Funding financial matters upon divorce – Legal Services Payments Orders (LPSO)

Family Law

In some instances, someone going through the divorce procedure may find themselves in a position where they need additional funds to be able to settle unpaid legal fees and also afford to pay for the services of a solicitor, barrister, or any other legal costs to be incurred.
Formerly, applicants would be able to apply to the Court for Cost Allowance Orders in a Maintenance Pending Suit Application. This would mean that the maintenance received by the Applicant would also include an element towards their legal costs.
However, more recently, following the Legal Aid, Sentencing and Punishment of Offenders Act (LASPO) 2012, the Court is also unable to make any Maintenance Pending Suit Provisions in relation to legal costs. Additionally, in the majority of financial remedy cases, aside from matters concerning child abuse or domestic violence, public funding is not available to the parties involved.
LASPO 2012 added new sections 22ZA and 22ZB into the Matrimonial Causes Act 1973 (MCA 1973) and created Legal Services Payment Orders (LSPO) as the answer, in some cases, to such funding problems.

What is a LSPO?

LSPOs are used by parties in connection with proceedings for divorce, nullity of marriage or judicial separation.
LSPOs are now particularly useful in instances where one party is heavily reliant on the financial support from the other party.
They are made by the Court requiring one party (the Respondent) to pay the other (the Applicant), an amount in order for them to obtain legal services to reach a financial settlement.
LSPOs can be varied in the event of any material change in circumstance of the parties and are available in the following forms:
– A single, lump sum payment
– Payments by way of instalments
– Payments in relation to one specific period of time within the proceedings (until a particular stage of the proceedings, the entirety of the proceedings). In this event, it is preferred for monthly instalments, rather than a single payment.
– Deferred payments. The Applicant’s costs can be paid by the Respondent in the specified sum, at the conclusion of proceedings, and sale of any property. In some instances, they can be regarded as a charge over the Respondent’s property to fund the Applicant, particularly where there are no resources available for the LSPO to be made.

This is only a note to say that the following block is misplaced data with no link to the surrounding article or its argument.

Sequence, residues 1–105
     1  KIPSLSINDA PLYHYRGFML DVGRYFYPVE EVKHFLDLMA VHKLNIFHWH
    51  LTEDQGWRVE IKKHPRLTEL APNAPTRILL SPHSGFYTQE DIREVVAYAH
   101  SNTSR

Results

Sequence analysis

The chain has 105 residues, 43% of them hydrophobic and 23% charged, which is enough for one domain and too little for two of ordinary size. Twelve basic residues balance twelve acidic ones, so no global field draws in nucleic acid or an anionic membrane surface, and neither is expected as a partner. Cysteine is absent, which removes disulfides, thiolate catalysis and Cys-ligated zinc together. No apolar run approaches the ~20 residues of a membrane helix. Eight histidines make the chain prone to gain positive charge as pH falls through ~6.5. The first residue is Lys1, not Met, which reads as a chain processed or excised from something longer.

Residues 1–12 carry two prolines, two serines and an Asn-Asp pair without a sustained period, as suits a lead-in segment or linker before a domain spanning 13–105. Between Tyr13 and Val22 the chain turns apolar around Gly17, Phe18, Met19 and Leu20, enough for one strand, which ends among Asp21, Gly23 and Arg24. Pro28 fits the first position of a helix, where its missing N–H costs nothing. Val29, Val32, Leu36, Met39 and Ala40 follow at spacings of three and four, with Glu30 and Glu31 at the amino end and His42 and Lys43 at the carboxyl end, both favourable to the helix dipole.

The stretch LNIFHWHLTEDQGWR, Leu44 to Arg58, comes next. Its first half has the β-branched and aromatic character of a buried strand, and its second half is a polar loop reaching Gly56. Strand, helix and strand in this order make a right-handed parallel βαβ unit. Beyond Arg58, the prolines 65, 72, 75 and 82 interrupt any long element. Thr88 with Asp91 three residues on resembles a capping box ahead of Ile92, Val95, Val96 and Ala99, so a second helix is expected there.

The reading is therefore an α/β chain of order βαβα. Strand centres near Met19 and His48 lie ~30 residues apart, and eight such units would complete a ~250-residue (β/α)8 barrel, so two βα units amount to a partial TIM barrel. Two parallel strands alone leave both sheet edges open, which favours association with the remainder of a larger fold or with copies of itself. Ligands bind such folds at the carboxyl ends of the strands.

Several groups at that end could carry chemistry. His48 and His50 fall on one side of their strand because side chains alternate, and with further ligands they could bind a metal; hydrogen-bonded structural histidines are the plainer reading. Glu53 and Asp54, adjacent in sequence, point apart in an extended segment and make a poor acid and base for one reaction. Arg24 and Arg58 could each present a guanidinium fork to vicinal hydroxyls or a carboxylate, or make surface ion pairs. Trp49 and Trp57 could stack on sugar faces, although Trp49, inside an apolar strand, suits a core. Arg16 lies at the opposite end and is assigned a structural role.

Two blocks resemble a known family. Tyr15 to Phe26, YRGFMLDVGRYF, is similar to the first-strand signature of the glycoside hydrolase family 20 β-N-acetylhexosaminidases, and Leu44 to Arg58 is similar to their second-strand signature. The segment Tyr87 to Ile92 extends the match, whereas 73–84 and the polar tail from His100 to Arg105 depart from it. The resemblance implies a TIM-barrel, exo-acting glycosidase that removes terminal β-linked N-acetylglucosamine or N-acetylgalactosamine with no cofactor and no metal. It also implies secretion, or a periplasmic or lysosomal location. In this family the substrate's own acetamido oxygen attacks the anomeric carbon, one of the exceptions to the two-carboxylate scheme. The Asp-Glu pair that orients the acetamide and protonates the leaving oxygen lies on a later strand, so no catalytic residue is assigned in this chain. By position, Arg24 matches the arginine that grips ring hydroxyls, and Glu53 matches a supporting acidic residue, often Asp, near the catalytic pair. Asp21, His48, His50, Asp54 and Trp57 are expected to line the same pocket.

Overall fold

There is usually an undertaking within the Order by the Applicant whereby they undertake to repay the Respondent all or part of the amount ordered, if the Court considers they should do so.

What are the requirements to making an LSPO?

The court must be satisfied that, without the LSPO, “the Applicant would not reasonably be able to obtain appropriate legal services for the purposes of the proceedings or any part of them.”
The Applicant must therefore demonstrate:
– They don’t have any assets, or other source, that could reasonably be used to pay legal fees.
– They are unable to borrow the money; e.g: a loan. This will need to be demonstrated through providing correspondence from the potential lenders. This can also be instances where the loan may have a high rate of interest and it would be unreasonable for the Applicant to take it.
– They have been unable to reach an agreement with their solicitors in relation to the incurred fees (Sears Tooth Agreement). This can be demonstrated through correspondence from the Applicant Solicitors.
– They are not entitled to Legal Aid.
Before the Order can be granted, the Court must also have regards to:
– The Overriding Objective and the need for proportionality, saving expense and ensuring the parties are on an equal footing;
– The parties’ present financial needs, obligations and responsibilities and those they are likely to have in the foreseeable future. This is not limited only to existing resources the Respondent has. It can also include consideration of future earning capacity of the parties and whether there is any increase in this, which would be reasonable for the party to take steps towards acquiring;
– The subject matter of the proceedings, and the matters in issue; whether the application is speculative, doubtful, of if the issues are simple ones which do not require legal assistance on either side;
– Any steps taken by the parties, particularly the Applicant, to avoid the proceedings, eg: proposing or considering mediation;
– The impact of the LSPO on the Respondent; specifically, whether they may be prevented from obtaining their own legal services, or suffering undue hardship as a result of the order;
– Whether the Respondent has legal representation. The rationale of this, is that both parties must be on an equal or level playing field, and the Respondent must not be required to pay substantially more to the other party than to their own solicitors;
– The Applicant’s conduct in the course of Proceedings;
– Any amount the Applicant owes to the Respondent

How to apply for a LSPO?

Form D11
– Statement in Support
– Draft Order

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All information is correct on the date of posting.